Electric Vehicles and the Unique Risks Insurers Need to Consider
December 16, 2015 | By: Chris K. Panasiewicz
Many environmentally- and fuel-conscious consumers are driving, or considering the purchase of electric vehicles. In the long-term, they can help reduce the owner’s carbon footprint and save thousands of dollars on the ever-increasing (except for the recent year) costs of gasoline.
In order to successfully market electric vehicles, manufacturers need to make sure they can compete with gasolinepowered vehicles when it comes to mileage. While there may not be an expectation of a full charge lasting as long as a full tank, the difference is expected to be reasonable. To accomplish this, electric vehicles are being designed to be as light as possible, and come equipped with powerful rechargeable batteries.
Insurance companies need to consider the major risk factors of insuring these lightened electric vehicles, and ensure that premiums reflect that risk exposure. Compared to driving gas-powered vehicles, the risk of injury can be higher, and repairs and replacement parts can be very costly.
Insurers need to consider the research and recent history of electric vehicles, and understand the potential risks and unique expenses of insuring them.
1. Risk of “Thermal Runaway”
Lithium-ion batteries are commonly used in electric vehicles because they offer the best mileage on a full charge compared to other rechargeable battery options. They are highly efficient in terms of energy stored relative to their weight, but they are also highly explosive.
If a lithium-ion battery is overheated or overcharged, it can experience a rupture and a failure called “thermal runaway”.Thermal runaway occurs when the increasing temperatures in the battery start releasing energy, which then generates heat and continues to increase the temperature of the battery. This uncontrolled process sometimes results in combustion, and lithium-ion batteries are especially susceptible to such a failure.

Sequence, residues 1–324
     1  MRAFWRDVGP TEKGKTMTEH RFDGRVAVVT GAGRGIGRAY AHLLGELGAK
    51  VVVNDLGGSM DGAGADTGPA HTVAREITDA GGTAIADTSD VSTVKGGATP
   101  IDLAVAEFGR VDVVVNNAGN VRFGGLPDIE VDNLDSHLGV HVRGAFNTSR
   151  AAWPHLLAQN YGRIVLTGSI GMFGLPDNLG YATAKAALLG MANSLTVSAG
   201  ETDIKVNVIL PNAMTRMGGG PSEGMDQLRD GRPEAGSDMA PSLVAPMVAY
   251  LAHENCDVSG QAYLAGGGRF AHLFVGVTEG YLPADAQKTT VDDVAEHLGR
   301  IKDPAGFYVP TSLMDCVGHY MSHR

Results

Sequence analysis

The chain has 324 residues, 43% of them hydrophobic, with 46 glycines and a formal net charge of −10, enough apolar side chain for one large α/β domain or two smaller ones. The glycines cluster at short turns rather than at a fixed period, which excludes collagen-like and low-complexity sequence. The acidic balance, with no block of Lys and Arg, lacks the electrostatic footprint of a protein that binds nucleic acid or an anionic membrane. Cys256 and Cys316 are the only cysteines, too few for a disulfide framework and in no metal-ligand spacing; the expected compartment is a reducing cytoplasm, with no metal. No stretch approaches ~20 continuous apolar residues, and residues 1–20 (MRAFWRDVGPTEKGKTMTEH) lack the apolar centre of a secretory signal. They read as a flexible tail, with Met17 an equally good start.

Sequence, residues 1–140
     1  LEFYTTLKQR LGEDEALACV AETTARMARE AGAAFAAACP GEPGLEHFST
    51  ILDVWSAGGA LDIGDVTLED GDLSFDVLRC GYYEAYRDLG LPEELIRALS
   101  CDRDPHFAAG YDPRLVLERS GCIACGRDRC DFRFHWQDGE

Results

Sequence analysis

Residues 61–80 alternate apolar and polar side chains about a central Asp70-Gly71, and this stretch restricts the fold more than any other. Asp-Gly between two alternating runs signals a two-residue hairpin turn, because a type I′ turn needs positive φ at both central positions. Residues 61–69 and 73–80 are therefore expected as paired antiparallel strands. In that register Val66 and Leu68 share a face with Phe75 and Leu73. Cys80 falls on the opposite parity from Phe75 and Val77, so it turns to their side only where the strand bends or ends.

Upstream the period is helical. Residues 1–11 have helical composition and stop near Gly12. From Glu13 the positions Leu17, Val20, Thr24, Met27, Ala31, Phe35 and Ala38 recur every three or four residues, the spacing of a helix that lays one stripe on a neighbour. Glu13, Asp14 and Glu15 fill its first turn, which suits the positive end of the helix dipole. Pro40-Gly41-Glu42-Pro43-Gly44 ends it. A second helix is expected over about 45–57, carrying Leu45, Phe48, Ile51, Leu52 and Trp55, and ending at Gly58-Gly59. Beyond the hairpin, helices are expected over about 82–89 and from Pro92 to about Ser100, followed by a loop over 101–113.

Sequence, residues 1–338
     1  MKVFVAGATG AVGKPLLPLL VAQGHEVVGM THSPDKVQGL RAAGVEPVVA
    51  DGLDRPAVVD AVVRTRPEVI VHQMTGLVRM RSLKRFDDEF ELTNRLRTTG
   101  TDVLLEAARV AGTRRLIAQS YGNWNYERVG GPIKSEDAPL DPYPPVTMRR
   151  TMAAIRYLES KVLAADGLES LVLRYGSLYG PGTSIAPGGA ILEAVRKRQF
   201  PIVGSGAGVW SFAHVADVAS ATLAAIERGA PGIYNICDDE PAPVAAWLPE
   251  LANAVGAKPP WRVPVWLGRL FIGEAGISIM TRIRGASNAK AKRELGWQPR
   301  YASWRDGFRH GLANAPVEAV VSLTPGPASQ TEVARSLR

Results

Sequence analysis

2. Risk of Fire on Impact
There have been at least four documented cases of fire following impacts associated with lithium-ion batteries in electric vehicles in the past few years. Notably:
- BYD e6 – Shenzhen, China (May 2012)1
- Tesla Model S – Washington, USA (October 2013)2
- Tesla Model S – Merida, Mexico (October 2013)3
- Tesla Model S – Tennessee, USA (November 2013)4
Both incidents in the U.S. were caused by the vehicles hitting or running over foreign objects or debris on the road. Following the second fire, Tesla adjusted the suspension of the Model S so it would not automatically lower itself as much at highway speeds, to reduce the chance of hitting objects on road. Something worth pointing out is changes to Tesla’s vehicles often take place through a software update, similar to an update you would get on your smartphone or laptop. This puts Tesla at a major advantage to other automotive manufacturers as it minimizes product recalls significantly. In the event there is a change in the vehicle that can be done via software, all they have to do is send out a software update notification, and problem (presumably) solved.
Read more in Chris’ article below:
Chris K. Panasiewicz, Consulting Forensic Engineer, M.Sc., P.Eng., CFEI
Specializing in fire and explosions investigations and electrical engineering, Chris is qualified as an expert witness in the Ontario Superior Court of Justice and has investigated over 300 forensic incidents to date. In addition to over 10 years of fire and explosions experience, Chris has over 20 years experience working as an electrical engineer in the field of high and low voltage motors, generators, transformers and electrical equipment failure mode investigations and analysis, including electrical components design, repair and testing methods